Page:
That’s why in-depth macro- and micro-economic analysis is more important than ever. It helps investors see the world from different perspectives and helps uncover opportunities to balance, diversify, and grow stock portfolios.

China’s economic situation, the information age, an end to the 30-year down cycle in interest rates, the credit crisis , the coming debt crisis in America, the eurozone crisis—these are only a few of the economic events occurring in the global economy. That’s what drives Profit Confidential. We take the economic information churned out daily, analyze it, and deliver understandable, even fun-to-read, economic analysis to our readers each day.


Economic Collapse Headed for U.S. in 2015

By Tuesday, May 19, 2015

U.S. Economic Collapse 2015The last thing Wall Street is thinking about is an economic collapse in 2015. After all, the stock markets are at record highs, unemployment is down, and inflation is in check. But the fact of the matter is that these same indicators were also in check before the markets crashed in 1987, 2000, and 2008/09.Back in 2008/09, everyone on Wall. Read More

European Economy 2015: Economic Forecasts and U.S. Profits

By Sunday, May 17, 2015

European EconomyMay 13, 2015 was a busy day for the release of European economic results. How did the European economy fare and how do these numbers affect U.S. companies?Forecasts, for the European economy as a whole, call for the region to muddle through a “mild cyclical upswing” driven by cheaper oil, a lower euro, and government spending. (Source:. Read More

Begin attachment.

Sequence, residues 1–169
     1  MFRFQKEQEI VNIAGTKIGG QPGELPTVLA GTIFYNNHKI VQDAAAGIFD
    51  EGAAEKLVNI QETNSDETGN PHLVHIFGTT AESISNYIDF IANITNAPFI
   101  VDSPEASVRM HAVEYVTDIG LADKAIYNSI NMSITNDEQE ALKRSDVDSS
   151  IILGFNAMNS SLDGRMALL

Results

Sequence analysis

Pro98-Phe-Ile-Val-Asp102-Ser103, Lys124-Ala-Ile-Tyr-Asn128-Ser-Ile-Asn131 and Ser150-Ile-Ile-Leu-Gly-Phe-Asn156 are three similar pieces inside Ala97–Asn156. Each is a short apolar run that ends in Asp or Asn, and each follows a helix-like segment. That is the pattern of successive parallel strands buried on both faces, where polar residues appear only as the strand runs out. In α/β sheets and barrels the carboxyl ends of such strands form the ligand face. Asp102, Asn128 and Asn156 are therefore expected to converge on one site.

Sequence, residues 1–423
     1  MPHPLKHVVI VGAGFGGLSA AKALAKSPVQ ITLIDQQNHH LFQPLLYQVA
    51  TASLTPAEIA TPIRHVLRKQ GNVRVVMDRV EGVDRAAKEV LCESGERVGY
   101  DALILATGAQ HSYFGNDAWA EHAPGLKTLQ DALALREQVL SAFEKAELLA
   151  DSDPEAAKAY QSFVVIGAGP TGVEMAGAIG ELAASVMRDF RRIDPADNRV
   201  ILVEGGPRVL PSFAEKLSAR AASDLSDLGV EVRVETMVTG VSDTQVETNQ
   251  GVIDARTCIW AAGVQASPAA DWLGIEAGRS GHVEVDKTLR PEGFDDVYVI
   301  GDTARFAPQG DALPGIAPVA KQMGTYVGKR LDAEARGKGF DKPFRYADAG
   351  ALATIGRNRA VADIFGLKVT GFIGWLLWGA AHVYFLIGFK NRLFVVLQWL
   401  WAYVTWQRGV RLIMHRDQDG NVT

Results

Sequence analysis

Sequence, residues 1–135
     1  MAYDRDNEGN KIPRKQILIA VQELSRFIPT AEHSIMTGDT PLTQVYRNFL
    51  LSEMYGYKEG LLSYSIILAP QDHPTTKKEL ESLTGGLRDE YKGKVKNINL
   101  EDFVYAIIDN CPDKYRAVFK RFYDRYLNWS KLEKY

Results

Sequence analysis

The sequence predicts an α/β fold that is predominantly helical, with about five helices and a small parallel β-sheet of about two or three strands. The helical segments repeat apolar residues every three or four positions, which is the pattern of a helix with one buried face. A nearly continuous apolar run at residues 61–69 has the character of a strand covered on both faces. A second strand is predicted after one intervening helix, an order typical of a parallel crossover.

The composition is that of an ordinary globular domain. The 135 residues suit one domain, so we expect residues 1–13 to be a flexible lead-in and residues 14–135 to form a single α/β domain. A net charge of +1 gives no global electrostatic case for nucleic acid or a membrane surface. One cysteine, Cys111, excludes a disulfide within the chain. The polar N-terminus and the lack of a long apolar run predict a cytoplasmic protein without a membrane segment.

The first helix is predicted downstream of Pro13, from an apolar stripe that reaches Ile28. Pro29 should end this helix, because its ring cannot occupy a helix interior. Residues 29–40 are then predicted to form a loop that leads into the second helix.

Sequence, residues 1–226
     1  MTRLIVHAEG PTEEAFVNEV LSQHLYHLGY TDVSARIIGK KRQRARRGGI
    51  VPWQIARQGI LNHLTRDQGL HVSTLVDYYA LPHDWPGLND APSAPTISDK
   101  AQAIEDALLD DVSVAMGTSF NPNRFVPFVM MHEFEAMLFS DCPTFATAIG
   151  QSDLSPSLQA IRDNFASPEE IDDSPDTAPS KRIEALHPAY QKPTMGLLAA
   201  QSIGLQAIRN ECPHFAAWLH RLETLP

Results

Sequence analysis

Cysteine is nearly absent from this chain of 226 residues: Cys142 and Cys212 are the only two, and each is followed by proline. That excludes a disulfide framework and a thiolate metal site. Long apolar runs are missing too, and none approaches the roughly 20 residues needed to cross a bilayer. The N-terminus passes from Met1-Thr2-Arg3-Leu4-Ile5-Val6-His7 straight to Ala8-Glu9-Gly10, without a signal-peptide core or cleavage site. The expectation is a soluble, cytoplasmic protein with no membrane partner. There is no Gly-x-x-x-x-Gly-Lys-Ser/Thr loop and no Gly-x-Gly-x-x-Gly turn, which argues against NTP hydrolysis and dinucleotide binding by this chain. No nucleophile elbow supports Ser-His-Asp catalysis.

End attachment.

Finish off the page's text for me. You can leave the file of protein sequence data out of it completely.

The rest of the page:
European Economic Forecast 2015: A Story of Inflation

By Saturday, May 9, 2015

European economic outlookOn May 5, 2015, the European Commission released its spring 2015 European Economic Forecast. According to the forecasts, growth prospects haven’t been better in years. Will cheap oil and a devalued Euro help Europe overcome its biggest obstacle?Economic Outlook in EuropeThe latest economic forecast for Europe states that the. Read More

First-Quarter GDP Proves U.S. Economy Fragile

By Wednesday, May 6, 2015

US Economy fragileFor most of 2015, I have been writing about how the U.S. economy is growing at a very slow pace, if it’s growing at all. The just-released U.S. gross domestic product (GDP) numbers for the first quarter of 2015 confirm this; the economy grew at an annual pace of just 0.2% in the first quarter of this year. But a closer look at the GDP numbers. Read More

Oil Price Forecast for May 2015: the U.S. vs. OPEC

By Friday, May 1, 2015

Oil Price ForecastThe oil price forecast for 2015 continues to be dominated by the actions of the Organization of Petroleum Exporting Countries (OPEC). And its fierce rival, the U.S. Supply, continues to outweigh demand. But oil drifts higher. Where will prices go from here?Oil Price Forecast 2015: Supply vs. DemandThe oil market is dominated by the. Read More

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From: Michael Lombardi, MBA
Subject: Golden Opportunity for Stock Market Investors